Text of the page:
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Calm and clear: What mindfulness can do for your kids

Alice Gomstyn By Alice Gomstyn

Young girl meditating

At age 9, Zoe Jones is a mindfulness veteran. For years, she has attended a Los Angeles charter school that sets aside time every morning for students to practice various mindfulness techniques, including slowing their breathing and relaxing their muscles.

Zoe’s mother, Laura Lambert, says her daughter uses mindfulness to calm down when something's upsetting her, whether it's itchy bug bites or a fight with her brother. "I think it's great," Laura says. "What an amazing skill it is to be quiet and thoughtful."

Mindfulness is the state of being aware of the present moment — noticing and accepting what's going on with your feelings, your body and your surroundings without judgment or labels. Through special “exercises,” children can learn to regulate their emotions and apply what they've learned in everyday life.

Once considered fringe, mindfulness is rapidly becoming a mainstream phenomenon. Corporations, national sports teams and the military are adopting mindfulness training as a way to drive achievement. Apps like Headspace and Calm are promoting it as a means to de-stress anywhere, anytime. And research showing its benefits for children (see below) has led to a boom in meditation and mindfulness programming in elementary schools.

As families face another hectic back-to-school season, skeptical parents may want to give the practice a try. Anything to balance out their family’s long school-supply shopping list, rushed morning routine, and new teachers and classmates.

Psychologist Tamar Chanksy, PhD, author of Freeing Your Child from Anxiety (2014), summarizes the benefits of mindfulness as taking control over negative thinking. “Kids aren't being dragged around by the thoughts that they have,” she says. “They are able to, as I like to say, 'underreact,' and just be with their thoughts."

The glitter jar: a mindfulness exercise for kids

Mindfulness can be difficult to explain to adults, let alone children. So how do experts do it? One popular method is known as the glitter jar exercise. Children are instructed to fill jars of water, add glitter and shake the jar. The shaken jar, with its glitter flakes swirling, represents the hustle and bustle — the thoughts, feelings and urges — in a person's mind. But when a jar is put to rest, the glitter slowly descends to the bottom, leaving the rest of the jar clear. This represents the calm and clarity that can come from being still.

The glitter jar "is one of the most powerful visual metaphors for that connection; it illustrates how mindfulness — the cultivation of stillness in the face of swirling chaos of life — affects us," wrote Christopher Willard, PsyD, in an article adapted from his book Growing Up Mindful (2016) and posted online in the magazine Mindful.

Willard, a psychologist who teaches at Harvard Medical School, notes that the jar itself can serve as a timer for practices such as mindful breathing. Teachers or parents can shake the jar and instruct kids to breathe, focusing attention on their inhale and exhale, until the glitter settles.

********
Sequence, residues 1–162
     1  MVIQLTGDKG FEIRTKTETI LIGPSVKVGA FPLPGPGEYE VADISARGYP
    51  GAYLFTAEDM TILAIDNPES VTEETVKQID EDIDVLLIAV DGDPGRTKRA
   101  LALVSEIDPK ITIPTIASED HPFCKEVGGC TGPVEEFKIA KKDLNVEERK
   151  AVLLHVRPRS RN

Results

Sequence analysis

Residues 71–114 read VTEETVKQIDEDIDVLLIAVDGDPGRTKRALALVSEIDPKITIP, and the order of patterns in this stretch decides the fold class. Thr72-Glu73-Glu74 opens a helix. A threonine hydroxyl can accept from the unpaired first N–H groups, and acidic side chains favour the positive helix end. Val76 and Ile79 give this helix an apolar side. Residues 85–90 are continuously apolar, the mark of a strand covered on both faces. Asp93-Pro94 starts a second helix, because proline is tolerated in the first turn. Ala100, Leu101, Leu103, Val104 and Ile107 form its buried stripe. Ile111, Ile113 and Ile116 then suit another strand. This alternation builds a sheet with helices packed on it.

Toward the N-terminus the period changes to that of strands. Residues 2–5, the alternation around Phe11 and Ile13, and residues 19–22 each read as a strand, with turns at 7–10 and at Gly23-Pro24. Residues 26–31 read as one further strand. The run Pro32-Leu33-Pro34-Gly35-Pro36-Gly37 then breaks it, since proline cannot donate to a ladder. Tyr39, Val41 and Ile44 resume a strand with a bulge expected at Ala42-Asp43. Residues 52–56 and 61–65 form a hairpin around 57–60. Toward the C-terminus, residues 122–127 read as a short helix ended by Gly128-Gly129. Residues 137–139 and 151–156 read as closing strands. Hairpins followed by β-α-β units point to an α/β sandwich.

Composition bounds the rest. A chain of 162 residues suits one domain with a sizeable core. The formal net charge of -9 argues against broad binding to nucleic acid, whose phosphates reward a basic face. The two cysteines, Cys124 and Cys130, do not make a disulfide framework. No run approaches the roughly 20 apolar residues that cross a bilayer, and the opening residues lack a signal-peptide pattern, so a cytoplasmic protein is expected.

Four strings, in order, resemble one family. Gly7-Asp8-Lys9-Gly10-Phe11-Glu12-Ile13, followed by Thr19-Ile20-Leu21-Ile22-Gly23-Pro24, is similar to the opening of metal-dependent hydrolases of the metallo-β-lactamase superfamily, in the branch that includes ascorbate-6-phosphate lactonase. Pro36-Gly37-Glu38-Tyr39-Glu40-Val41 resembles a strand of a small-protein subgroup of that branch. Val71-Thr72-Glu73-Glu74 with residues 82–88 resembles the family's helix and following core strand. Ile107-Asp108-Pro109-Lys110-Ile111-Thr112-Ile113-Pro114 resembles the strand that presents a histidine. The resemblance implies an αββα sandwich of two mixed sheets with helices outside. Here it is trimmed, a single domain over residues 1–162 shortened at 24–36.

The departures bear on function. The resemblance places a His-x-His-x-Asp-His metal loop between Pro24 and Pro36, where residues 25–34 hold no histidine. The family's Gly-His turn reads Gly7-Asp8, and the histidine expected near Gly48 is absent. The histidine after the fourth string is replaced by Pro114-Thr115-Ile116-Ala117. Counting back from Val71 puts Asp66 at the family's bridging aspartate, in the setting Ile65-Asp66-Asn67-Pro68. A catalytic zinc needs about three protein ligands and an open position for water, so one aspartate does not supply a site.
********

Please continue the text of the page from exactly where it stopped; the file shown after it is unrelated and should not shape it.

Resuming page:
How mindfulness benefits kids

Mindfulness doesn’t eliminate swirling thoughts and feelings, but it can help kids cope with everyday problems like spats with friends or stress over schoolwork. Researchers have found that mindfulness helps children exercise self-control, act compassionately toward others and manage stress. There's evidence that children benefit on the academic front, too, with mindfulness exercises helping them pay attention in class and even raise their grades.

"While children's minds are forming and they're in a very intensive social environment, there's really nothing better than mindfulness for helping them assimilate new information," says Andy Lee, Aetna's chief mindfulness officer. "Mindfulness helps children be grounded — to know what's going on and how to deal with it."

Even children facing the most challenging circumstances can benefit. Studies have investigated how mindfulness can help impoverished elementary school children and incarcerated adolescents cope. "Children develop a sense of resilience, because they recognize they are so much more than what is said to them or the environment they live in," says Laura S. Bakosh, PhD, a psychologist and the co-founder of Inner Explorer. The organization provides audio-based mindfulness instruction for schools. In 2017, it received a grant from the Aetna Foundation to bring their program to 15 at-risk schools in Florida, reaching more than 12,000 children.

The impact surprised even Rachael Baker, a mindfulness advocate and wellness consultant with Aetna. Her daughter, Shiloh, 7, attends an elementary school where the program was introduced. Initially, Shiloh "was anti-mindfulness because she hears about it from me all the time," Baker says. But once she began practicing in class, she changed her mind. Baker said her daughter now praises mindfulness as helping her make better choices.

Shiloh described her feelings in a journal that Baker read at the end of the school year. "She wrote 'This helps calm me down. It makes me happy,'" Baker remembers. "It brought tears to my eyes."

This is the first in a series of stories on mindfulness for kids. For more mindfulness exercises that parents can practice with their children to help them calm down and improve their focus, visit How to Introduce Mindfulness to Kids.

About the author

Alice Gomstyn is a veteran parenting blogger and business reporter. She is an admitted sugar addict but plans to cut back on the sweet stuff and load up on veggies like never before. Bring on the broccoli!